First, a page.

1. Apparently orgasms are all about rhythmic timing.
In a new paper, a Northwestern University researcher sheds light on how orgasm works in the brain. Neuroscientist Adam Safron has come up with a theory in which rhythmic sexual activity influences brain rhythms. "The idea that sexual experiences can be like trance states is in some ways ancient," Safron said. "In theory, this could change the way people view their sexuality. Sex is a source of pleasurable sensations and emotional connection, but beyond that, it's actually an altered state of consciousness.” Sexual healing indeed! (Science Daily)
2. Yes, skipping a workout when you're stressed is probably a bad idea.
While a stressful day at work might leave you craving a pint of ice cream and a Netflix binge, you're so much better off hitting the gym or yoga studio. According to a new study, being physically fit fights stress-related health risks—and will probably make you feel a lot better than that ice cream we mentioned. (Science Of Us)
3. Spinach could be an expert bomb detector.
Yes, the green that's been playing second fiddle to kale for the past few years has the ability to read an environment and communicate whether anything is amiss. Researchers at MIT have discovered that when implanted with small cylinders of carbon, spinach plants, "could detect nitro-aromatics, the chemical compound found in landmines and buried munitions" and emit a fluorescent light that can be read by an infrared camera. How's that for bringing "superfood" to a whole new level? (Munchies)
4. Does Facebook deserve a place in your health routine?
Social media is often portrayed as the enemy of meaningful social interaction, but a new study says that this might not be the case. The research out of U.C.-San Diego found that people who spend more time on Facebook actually live longer since they often have healthier, more active social lives. "The research confirms what scientists have known for a long time about the offline world: People who have stronger social networks live longer," said a news release on the report. (NYT)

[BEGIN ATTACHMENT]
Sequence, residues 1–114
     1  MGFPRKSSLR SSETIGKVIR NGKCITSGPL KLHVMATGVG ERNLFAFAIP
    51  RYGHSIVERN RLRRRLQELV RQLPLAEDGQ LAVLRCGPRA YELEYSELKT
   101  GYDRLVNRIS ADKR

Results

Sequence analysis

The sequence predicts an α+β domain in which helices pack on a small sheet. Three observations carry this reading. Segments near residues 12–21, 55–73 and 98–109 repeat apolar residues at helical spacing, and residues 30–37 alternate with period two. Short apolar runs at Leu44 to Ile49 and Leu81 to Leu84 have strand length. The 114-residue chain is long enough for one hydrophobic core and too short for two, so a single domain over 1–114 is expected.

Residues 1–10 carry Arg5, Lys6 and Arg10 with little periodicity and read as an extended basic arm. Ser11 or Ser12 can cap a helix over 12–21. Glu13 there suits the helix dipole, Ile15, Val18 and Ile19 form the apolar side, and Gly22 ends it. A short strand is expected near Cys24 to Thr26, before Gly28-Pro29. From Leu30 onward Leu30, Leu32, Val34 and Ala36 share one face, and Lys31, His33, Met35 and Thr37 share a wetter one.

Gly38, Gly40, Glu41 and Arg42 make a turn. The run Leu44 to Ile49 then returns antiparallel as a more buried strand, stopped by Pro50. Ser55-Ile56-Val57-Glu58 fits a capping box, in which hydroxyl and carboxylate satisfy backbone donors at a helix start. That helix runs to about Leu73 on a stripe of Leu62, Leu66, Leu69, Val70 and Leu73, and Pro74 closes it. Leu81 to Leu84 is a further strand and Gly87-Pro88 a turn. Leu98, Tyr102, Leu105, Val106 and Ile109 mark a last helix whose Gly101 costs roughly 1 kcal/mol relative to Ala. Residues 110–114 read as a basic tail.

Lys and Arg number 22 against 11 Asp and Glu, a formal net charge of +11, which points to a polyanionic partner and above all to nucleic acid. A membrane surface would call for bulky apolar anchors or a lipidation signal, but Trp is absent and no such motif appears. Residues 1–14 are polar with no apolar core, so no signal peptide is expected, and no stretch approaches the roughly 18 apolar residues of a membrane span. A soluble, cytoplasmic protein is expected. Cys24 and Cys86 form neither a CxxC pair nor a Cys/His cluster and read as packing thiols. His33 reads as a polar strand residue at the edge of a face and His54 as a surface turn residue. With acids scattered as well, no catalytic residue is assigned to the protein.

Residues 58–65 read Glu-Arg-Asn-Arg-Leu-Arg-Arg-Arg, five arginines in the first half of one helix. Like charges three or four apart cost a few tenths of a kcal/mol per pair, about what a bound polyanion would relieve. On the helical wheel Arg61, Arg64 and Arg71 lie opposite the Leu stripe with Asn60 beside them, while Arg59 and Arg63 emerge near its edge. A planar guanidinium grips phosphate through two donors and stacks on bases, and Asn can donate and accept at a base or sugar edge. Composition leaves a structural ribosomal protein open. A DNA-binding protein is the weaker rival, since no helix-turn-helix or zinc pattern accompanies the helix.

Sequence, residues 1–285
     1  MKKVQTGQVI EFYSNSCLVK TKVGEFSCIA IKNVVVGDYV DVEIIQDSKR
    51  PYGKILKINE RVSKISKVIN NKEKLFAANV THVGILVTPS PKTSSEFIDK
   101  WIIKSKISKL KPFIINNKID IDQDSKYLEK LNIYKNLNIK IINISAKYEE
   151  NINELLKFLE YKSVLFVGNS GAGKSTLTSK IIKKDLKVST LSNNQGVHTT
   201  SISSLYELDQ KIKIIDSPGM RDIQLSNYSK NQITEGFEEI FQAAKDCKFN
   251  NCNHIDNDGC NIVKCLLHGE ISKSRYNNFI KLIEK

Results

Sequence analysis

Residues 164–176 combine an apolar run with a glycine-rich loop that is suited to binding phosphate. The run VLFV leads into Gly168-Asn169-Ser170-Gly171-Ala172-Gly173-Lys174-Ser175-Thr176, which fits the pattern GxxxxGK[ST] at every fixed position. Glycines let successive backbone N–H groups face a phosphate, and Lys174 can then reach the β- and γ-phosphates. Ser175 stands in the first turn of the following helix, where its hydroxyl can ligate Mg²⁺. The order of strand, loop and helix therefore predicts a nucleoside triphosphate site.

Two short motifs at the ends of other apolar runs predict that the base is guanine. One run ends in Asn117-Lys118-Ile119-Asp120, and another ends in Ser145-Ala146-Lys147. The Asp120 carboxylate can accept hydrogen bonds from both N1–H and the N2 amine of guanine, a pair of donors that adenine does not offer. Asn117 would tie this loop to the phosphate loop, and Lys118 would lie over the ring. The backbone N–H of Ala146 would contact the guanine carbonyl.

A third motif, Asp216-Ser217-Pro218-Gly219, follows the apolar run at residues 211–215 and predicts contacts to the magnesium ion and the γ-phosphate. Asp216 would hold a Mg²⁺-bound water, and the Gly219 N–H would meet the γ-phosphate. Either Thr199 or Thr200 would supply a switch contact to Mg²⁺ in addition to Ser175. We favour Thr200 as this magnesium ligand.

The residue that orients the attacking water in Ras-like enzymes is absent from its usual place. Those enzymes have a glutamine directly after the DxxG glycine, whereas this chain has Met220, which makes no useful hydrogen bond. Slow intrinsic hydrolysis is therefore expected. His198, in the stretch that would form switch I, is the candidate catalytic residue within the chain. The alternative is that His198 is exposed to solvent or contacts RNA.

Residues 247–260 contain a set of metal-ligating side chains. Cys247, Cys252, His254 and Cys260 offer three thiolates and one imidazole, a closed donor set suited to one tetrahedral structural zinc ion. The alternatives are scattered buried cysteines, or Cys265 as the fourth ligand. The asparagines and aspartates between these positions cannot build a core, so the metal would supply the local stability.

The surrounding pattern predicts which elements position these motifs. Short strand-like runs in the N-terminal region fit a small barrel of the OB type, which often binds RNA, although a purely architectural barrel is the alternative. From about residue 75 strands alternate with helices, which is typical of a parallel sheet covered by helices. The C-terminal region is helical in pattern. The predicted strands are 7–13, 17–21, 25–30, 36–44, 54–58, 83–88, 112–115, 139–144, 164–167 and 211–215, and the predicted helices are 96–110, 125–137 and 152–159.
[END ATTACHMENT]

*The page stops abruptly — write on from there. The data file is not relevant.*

5. Can oral sex really raise your risk for cancer?
We're hesitant to break this news, but a new study shows a link between men who had recently performed oral sex and a higher incidence of oral HPV infections (which can lead to head and neck cancers). The more partners a man had, the higher his risk. For whatever reason, women often build up an immunity to HPV, proving yet again that men are from Mars and women are from Venus. (Oxford Journals)
6. Breast cancer patients don't need implants to feel whole.
Reconstructive breast surgery, once standard following cancer-related mastectomies, may be on the decline, at least among some women who say the practice isn't for them. Advised by doctors who say implants help restore femininity, a growing number of women are declining the elective surgery, turning to social media to proudly reveal their scarred chests. Said one woman pioneering the trend of going flat, "Having something foreign in my body after a cancer diagnosis is the last thing I wanted." (NYT)
7. Eating ramen solo just got easier (and cooler) thanks to this Japanese restaurant trend.
Three weeks ago, Ichiran, the Japan- and Hong Kong-based ramen eatery opened its doors in Bushwick, Brooklyn. The food shop, which prides itself on a zen approach to dining, aims at providing diners with a low-interaction experience. In other words, you're eating alone while focusing only on the food that's presented to you—what we call "eating mindfully." Critics have presented opposing views on the actual food, but one thing is for sure: In a city like New York, there are very few places to eat alone with intention. (QZ)
8. Paid sick leave can make you (and your company) more productive.
According to a recent poll, each week 1.5 million Americans without paid sick leave go to work when they are feeling under the weather. This includes many hospital and restaurant employees, and it can greatly contribute to the spread of disease.The good news? Studies have shown that paid sick leave increases employee productivity, decreases turnover, and can even be linked to better health in the long term, which might motivate employers to start offering it more often. Win-win! (NYT)
9. Not surprisingly, cellphones and tablets are linked to less sleep in kids and teens.
Screen time continues to disrupt our lives and has even creeped into the lives of our kids. Children and teens ages 6 to 18 who use electronics close to bedtime have a harder time falling asleep and don't sleep as well. This is true even when unused electronics are kept in bedrooms overnight. While more in-depth research is needed in this age group, one thing's for sure: We all could use a little help unplugging. (NYT)